Adult-Onset Still's Disease
This relatively rare inflammatory condition begins with fever and may lead to arthritis. Women and people between the ages of 16 and 46 are mos...

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Overview

Adult-onset Still’s disease (often called AOSD) is a relatively rare condition. It begins with fever and may lead to arthritis. Classified as an inflammatory illness, the disease often causes fatigue and swelling in joints, tissues, organs, and lymph nodes. Adult Still’s disease affects only about one in every 100,000 people, but it has been observed throughout the world. In children, a similar condition exists called juvenile idiopathic arthritis.

What Causes Adult-Onset Still’s Disease?

The causes of adult Still’s disease are still unknown. Doctors suspect that the condition may be related to certain antigens (substances that cause your body to produce antibodies to fight infection). Some people may just be genetically predisposed to the condition.

Who Is at Risk for Adult-Onset Still’s Disease?

People between the ages of 16 and 46 are at a higher risk for AOSD. The condition affects women at a slightly higher rate than men. Recent research suggests that adult Still’s disease is probably not hereditary.

What Are the Symptoms of Adult-Onset Still’s Disease?

Adult Still’s disease typically begins with a fever that lasts for several days and is much higher during the night. Along with this fever, you might experience a quick-changing rash on your skin, similar to hives.

Other symptoms of AOSD include:

  • sore throat
  • swollen and tender joints
  • inflamed or swollen lymph nodes
  • muscle pain
  • abdominal pain
  • pain associated with deep breathing
  • weight loss

In some extreme cases, individuals develop an enlarged liver or spleen. Inflammation of the tissues around major organs like the heart and lungs is another rare complication.

Diagnosing Adult-Onset Still’s Disease

It may take multiple tests for your doctor to find the correct diagnosis. He or she will need to rule out certain types of cancer, mononucleosis, and other conditions (such as Lyme disease) that share many of the initial symptoms of Still’s disease.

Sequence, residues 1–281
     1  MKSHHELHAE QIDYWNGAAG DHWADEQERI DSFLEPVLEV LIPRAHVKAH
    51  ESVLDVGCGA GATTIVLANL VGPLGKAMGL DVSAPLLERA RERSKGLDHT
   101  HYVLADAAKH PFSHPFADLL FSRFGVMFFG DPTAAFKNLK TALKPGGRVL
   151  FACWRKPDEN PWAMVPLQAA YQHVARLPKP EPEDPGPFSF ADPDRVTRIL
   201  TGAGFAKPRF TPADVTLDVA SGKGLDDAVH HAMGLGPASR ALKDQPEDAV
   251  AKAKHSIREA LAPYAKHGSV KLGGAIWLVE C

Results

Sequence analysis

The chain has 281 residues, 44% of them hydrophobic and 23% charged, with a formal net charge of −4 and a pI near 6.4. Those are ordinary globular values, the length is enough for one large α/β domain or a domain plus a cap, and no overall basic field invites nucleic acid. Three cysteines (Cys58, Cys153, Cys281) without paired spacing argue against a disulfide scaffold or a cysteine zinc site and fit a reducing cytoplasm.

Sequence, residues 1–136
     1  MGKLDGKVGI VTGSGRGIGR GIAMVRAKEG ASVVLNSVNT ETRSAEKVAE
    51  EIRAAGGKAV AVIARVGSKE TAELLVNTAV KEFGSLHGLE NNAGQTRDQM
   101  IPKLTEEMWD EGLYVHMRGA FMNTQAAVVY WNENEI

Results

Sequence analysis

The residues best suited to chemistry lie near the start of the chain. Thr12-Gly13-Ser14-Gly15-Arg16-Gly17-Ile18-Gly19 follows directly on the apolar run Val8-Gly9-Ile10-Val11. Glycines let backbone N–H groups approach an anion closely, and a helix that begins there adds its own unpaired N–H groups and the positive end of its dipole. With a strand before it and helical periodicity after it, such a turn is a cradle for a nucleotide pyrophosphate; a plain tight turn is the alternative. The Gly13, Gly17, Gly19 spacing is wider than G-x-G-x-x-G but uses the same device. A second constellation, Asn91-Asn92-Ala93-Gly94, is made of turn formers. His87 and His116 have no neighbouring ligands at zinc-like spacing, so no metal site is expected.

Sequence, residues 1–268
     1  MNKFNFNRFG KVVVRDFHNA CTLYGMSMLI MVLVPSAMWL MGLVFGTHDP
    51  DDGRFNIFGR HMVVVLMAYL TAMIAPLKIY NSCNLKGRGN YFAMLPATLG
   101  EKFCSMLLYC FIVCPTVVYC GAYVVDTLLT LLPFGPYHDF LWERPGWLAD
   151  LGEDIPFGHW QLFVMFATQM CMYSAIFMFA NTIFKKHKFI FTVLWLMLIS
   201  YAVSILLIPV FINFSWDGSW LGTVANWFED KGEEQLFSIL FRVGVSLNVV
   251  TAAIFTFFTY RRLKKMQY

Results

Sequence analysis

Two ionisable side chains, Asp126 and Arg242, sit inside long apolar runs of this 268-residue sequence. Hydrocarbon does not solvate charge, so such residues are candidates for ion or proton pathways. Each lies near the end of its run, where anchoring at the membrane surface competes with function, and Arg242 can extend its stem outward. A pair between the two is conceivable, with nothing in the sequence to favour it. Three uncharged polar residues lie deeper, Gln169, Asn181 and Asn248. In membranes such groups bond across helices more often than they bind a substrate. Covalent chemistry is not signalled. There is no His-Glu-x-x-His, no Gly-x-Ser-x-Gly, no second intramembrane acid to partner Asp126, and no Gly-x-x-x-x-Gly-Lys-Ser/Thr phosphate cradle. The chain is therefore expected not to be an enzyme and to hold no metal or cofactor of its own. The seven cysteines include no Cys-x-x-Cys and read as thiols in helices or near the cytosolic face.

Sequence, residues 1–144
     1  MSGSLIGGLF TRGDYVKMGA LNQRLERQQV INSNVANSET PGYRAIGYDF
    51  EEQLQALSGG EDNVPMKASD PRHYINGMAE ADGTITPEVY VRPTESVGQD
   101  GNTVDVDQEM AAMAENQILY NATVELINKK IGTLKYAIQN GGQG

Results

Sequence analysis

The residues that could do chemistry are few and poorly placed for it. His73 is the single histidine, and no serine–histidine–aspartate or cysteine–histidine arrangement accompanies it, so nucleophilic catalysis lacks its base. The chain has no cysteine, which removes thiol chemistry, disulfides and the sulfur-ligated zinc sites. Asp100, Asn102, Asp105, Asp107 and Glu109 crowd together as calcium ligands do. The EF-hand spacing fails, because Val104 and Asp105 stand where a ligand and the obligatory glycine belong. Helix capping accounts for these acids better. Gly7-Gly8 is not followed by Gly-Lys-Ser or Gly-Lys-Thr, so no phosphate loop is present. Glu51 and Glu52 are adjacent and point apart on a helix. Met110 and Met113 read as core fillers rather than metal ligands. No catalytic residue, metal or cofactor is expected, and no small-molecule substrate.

At first, your doctor will notice your fever and rash. Along with joint pain, these are the three symptoms that indicate the possibility of AOSD. Your doctor will use blood tests to learn more about the inflammation in your joints and to help develop a treatment plan. In addition, your doctor may listen to your heart and lungs, or use radiology tests to examine your chest, liver, and spleen.

Treating Adult-Onset Still’s Disease

Because the initial symptoms of AOSD are often followed by the onset of arthritis, doctors will usually focus their treatment on addressing the arthritis. One of the most common treatments involves taking non-steroidal anti-inflammatory drugs (NSAIDs), such as ibuprofen (Advil) and naproxen (Aleve). Prescription drugs such as prednisone may also be used.

More powerful drugs used to treat extreme cases of Still’s disease are called glucocorticoids, which are a category of corticosteroid drugs. Your doctor might try to limit the use of these drugs, however, because of their side effects, which can include high blood pressure and fluid retention. If your AOSD becomes chronic, medicines that suppress your immune system might be necessary. Such medicines include anakinra (Kineret), methotrexate (Rheumatrex), and etanercept (Enbrel).

Home care for adults with Still’s disease includes consistent administration of prescribed medications. In some cases, exercise will be helpful because it can build muscle and strengthen joints. Your doctor will probably suggest a particular exercise plan for you. You may also be advised to take vitamins, such as calcium and vitamin E supplements, to help prevent osteoporosis.

Outlook for Adult-Onset Still’s Disease

AOSD is treatable, but symptoms may recur. Scientific studies suggest that about half of all patients with AOSD will ultimately develop chronic arthritis. This means that joint symptoms may persist for many years.

Written by: Seth StoltzfusNA
Edited by:
Medically Reviewed by: George Krucik, MD
Published: Jul 18, 2012
Published By: Healthline Networks, Inc.
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